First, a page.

Drama

Ancient Tragedy

– Aeschylus, Euripides and Sophocles

Aeschylus (c. 525-456 BC)

Aeschylus

The first of the three classical playwrights of 5th-century Athens, Aeschylus was born near Athens in 525 BCE, in the village of Eleusis. His father was called Euphorion, and was of noble descent. As a young man Aeschylus would have been influenced by two historic events: the exile of Hippias, a dictator, in 510 BC, and the establishment of democracy in Athens under Cleisthenes in 508 BC.

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Aristophanes

 – Master of Comedy

The birth year of Aristophanes (c. 448-385 BC), the great comic playwright and poet of Athens, is uncertain. He is known to have been about the same age as Eupolis, and is said to have been “almost a boy” when his first comedy (The Banqueters, since lost) was brought out in 427 BC.

Poster for The Birds, by Aristophanes, for a performance at Cambridge University. Public domain.
Poster for The Birds, by Aristophanes, for a performance at Cambridge University. Public domain.

Although tragedy and comedy had their common origin in the festivals of Dionysus, the regular establishment of tragedy at Athens preceded by half a century that of comedy. This initial period of comedy is called the Old Comedy and may be said to have lasted about 80 years (470-390 BC). Of the forty poets who are named as having illustrated it the chief were Cratinus, Eupolis and Aristophanes. Continue reading Aristophanes

Karagiozis

Karagiozis, Greek shadow puppet theater, has a history in Greece that links conceptually with one line of development that goes back to pre-classical times, and with a second, more direct connection, that positions the form in Greece from 1799, the earliest date at which the term shows up in a documented source. Going forward, Karagiozis spawned a comic tradition that served Greece well up to modern times — through epitheorisis, or review performances, Karlos Koun’s theatrical renditions of Karagiozis, and satiric comedy on the stage.* Continue reading Karagiozis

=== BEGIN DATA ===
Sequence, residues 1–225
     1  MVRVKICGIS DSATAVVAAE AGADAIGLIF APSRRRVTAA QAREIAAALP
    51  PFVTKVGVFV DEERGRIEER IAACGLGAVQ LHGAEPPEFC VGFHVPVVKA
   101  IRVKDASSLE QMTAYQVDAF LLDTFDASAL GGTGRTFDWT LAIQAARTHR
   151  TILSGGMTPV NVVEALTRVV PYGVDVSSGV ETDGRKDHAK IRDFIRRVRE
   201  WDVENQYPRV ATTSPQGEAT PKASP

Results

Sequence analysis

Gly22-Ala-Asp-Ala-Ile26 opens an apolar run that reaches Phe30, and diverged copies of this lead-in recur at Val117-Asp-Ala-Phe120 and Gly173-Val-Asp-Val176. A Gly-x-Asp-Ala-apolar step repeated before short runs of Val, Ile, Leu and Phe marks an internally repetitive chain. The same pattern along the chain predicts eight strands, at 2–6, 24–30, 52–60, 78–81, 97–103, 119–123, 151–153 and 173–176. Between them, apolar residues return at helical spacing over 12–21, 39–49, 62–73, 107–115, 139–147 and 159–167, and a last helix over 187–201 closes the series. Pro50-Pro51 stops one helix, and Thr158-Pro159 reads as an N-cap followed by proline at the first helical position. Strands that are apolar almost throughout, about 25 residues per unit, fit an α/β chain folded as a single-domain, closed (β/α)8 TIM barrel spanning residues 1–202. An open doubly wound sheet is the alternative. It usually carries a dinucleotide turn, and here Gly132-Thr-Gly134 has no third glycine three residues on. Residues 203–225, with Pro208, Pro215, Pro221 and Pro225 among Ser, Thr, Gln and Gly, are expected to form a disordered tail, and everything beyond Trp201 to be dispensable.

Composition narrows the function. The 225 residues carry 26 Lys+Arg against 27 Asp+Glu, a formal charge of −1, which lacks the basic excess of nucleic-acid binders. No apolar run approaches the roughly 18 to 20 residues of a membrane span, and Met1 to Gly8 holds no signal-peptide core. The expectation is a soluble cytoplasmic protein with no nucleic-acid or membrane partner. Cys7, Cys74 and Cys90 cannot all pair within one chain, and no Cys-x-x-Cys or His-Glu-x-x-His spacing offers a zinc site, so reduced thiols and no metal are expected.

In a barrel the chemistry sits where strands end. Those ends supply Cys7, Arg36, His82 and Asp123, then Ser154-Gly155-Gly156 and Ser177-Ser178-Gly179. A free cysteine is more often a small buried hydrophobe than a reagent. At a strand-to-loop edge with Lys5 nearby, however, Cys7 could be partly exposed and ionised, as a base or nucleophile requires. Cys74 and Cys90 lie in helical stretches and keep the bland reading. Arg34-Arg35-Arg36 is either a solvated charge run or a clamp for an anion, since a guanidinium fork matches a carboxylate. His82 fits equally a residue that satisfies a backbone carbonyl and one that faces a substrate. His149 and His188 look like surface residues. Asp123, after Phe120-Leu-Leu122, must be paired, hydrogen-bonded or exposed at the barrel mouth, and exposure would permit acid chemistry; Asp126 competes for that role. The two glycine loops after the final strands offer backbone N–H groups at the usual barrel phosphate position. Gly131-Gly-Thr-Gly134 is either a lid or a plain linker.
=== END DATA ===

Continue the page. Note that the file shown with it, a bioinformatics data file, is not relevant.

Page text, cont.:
Aspects of Modern Greek Drama

Modern Greek dramaturgy was shaped by various factors. The struggle to establish the popular language (the demotic) in literature, translations of foreign classic and modern authors in a vivid, working language and the attempts of Greek playwrights to face and expose contemporary reality, either under the guise of comedy and satire, or under the new conditions of social drama, are the elements from which contemporary Greek drama has emerged. Comedy of manners, satirical revue and realistically expressed social drama have been the forms favoured by contemporary authors. Greek Comedy in its various forms as well as works aiming at social realism and pshychological drama succeeded in presenting a wealth of popular characters, a critique of situations and behaviour typical of the Greek bourgeoisie and a satire of political actuality.

Poster for performance of  The Coupling at The National Theatre of Northern Greece.
Poster for performance of The Coupling, by Grigorios Xenopoulos, at The National Theatre of Northern Greece.

Works originating from the 19th century were impressively staged anew during the 20th century, such as Vyzantios’ Babylonia, Chourmouzis’ comedies and Dimitrios Koromilas’ comic idylls. The scene of bourgeois drama was further enhanced with works by Grigorios Xenopoulos, Pantelis Horn and Spyros Melas. The 19th century Vasilikos by Antonios Matesis continues to be performed today in contrast to the works of Yiannis Kambysis. Continue reading Aspects of Modern Greek Drama